Metal oxide nanoparticles, microscopic additives used in food production, have been found to potentially affect gut health, according to a study conducted by scientists from Binghamton University and Cornell University.
What are Metal Oxide Nanoparticles?
Metal oxide nanoparticles are incredibly small particles added to food for various reasons.
For example, titanium dioxide can enhance the whiteness and brightness of food, while silicon dioxide can prevent food from clumping.
Iron oxide helps maintain the red color in meats, and zinc oxide, with its antimicrobial properties, is used as a preservative.
In order to understand the effects of these nanoparticles on the gut, researchers utilized chickens in their study due to the significant overlap between the bacteria in a chicken’s gut and those in the human digestive system.
The team injected five different nanoparticles into chicken eggs and studied the gene expression, types of bacteria, and structure of the small intestine in the chicks after they hatched.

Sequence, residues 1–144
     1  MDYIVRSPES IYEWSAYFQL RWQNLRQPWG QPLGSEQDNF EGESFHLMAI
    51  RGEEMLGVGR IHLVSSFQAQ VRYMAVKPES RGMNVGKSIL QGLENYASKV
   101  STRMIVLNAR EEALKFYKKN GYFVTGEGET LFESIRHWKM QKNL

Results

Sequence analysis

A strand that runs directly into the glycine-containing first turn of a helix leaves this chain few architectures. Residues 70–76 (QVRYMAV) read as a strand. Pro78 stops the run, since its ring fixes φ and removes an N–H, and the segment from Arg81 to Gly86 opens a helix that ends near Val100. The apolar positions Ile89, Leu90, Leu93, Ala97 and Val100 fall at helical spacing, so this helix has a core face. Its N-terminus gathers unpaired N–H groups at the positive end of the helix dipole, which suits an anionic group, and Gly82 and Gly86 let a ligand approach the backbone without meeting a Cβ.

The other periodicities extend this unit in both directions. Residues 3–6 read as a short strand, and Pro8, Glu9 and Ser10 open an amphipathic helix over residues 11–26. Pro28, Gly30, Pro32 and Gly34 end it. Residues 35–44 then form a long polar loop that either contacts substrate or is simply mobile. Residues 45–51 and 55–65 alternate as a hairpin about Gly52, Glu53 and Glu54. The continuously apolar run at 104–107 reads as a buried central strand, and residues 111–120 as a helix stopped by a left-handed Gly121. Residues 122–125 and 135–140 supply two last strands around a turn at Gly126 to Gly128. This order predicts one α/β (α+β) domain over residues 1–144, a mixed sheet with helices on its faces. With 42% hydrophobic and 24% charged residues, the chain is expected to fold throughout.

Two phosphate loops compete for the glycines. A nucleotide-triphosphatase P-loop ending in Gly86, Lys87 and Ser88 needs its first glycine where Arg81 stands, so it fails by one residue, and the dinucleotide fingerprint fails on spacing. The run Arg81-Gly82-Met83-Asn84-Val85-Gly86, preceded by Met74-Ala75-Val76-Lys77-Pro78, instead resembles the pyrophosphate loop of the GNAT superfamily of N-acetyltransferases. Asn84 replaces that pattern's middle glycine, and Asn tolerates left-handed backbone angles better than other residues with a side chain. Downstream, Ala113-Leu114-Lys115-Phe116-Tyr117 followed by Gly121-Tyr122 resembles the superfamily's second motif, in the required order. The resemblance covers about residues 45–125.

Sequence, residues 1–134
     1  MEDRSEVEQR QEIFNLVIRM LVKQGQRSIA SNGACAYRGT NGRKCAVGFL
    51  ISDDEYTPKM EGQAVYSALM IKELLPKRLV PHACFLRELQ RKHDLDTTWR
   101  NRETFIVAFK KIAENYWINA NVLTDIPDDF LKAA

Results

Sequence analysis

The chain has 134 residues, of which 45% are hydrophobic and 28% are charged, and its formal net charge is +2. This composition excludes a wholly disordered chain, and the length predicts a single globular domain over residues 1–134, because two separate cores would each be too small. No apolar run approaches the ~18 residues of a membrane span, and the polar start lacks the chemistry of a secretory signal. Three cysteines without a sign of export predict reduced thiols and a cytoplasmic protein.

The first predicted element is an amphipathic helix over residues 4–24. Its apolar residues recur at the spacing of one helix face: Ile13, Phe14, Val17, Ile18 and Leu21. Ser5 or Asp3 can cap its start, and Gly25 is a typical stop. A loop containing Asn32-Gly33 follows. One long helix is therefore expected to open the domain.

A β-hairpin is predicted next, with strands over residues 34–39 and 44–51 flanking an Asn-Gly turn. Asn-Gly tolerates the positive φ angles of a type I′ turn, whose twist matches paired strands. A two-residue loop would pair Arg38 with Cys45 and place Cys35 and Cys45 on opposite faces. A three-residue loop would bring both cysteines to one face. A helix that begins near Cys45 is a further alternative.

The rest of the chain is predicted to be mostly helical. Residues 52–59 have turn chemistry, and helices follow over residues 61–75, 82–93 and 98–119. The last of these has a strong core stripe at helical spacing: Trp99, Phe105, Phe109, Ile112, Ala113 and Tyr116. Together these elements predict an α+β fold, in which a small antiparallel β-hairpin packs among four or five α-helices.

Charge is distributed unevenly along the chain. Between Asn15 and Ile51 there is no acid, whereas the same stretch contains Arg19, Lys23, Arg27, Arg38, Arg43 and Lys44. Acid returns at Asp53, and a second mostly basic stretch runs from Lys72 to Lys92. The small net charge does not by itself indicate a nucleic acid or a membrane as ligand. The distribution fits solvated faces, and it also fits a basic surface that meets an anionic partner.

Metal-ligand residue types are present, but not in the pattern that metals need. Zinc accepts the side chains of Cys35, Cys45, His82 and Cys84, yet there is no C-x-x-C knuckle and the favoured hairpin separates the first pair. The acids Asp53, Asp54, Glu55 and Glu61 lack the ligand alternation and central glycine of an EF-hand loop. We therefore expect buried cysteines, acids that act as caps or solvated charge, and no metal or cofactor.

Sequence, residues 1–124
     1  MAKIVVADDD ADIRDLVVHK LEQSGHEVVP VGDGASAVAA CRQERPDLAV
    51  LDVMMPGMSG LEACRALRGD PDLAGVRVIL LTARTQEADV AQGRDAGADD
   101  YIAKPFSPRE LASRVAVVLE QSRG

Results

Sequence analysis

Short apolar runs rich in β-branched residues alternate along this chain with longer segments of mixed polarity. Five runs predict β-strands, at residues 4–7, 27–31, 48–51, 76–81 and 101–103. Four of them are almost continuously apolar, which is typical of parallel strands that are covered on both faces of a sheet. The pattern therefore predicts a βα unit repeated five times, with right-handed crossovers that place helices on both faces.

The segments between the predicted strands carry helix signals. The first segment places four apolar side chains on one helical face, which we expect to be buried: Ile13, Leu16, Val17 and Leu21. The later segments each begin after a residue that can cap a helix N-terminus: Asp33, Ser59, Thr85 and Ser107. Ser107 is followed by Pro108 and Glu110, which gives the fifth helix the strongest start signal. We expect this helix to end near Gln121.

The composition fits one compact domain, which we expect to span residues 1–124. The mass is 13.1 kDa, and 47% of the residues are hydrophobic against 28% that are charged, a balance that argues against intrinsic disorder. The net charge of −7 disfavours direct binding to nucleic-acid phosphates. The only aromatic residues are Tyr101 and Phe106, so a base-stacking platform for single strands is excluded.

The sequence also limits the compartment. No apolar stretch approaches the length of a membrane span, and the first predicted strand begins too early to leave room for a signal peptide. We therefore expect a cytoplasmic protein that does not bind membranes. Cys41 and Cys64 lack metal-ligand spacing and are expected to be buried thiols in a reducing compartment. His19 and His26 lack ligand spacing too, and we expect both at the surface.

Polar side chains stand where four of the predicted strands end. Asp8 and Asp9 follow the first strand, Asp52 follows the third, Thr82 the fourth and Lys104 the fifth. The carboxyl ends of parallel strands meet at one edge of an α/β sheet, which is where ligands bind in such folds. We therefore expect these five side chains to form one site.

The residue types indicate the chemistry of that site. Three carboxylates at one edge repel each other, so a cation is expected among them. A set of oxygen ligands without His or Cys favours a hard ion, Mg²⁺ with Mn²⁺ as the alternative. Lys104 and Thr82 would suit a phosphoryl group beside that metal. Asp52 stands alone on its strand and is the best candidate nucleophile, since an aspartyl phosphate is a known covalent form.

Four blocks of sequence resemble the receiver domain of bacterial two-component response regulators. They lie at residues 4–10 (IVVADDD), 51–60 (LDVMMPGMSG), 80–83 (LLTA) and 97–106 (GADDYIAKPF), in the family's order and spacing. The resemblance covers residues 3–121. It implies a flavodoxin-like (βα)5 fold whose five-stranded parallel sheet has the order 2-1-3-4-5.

The study found that silicon dioxide and titanium dioxide nanoparticles appeared to disrupt the normal functioning of the chickens’ intestines, disturb the balance of bacteria, and impact the chickens’ ability to absorb minerals.
Conversely, certain nanoparticles demonstrated neutral or even positive effects. Zinc oxide seemed to support intestinal development.
Iron oxide could potentially be used to fortify food with iron, but it could also alter intestinal function and impact overall health.
What Does This Mean for Our Food Choices?
These findings do not necessarily mean that we should entirely avoid foods containing nanoparticles. Instead, understanding the potential impact of these nanoparticles on our gut health can inform better food choices.
As Professor Gretchen Mahler puts it: “We’re eating these things, so it’s important to consider what some of the more subtle effects could be.”
The research is part of an ongoing effort to understand the potential impacts of these minuscule food additives on our health.
Thus, it’s crucial to be aware of what’s in our food—there might be more to it than meets the eye.
The study was published in the journal Antioxidants.
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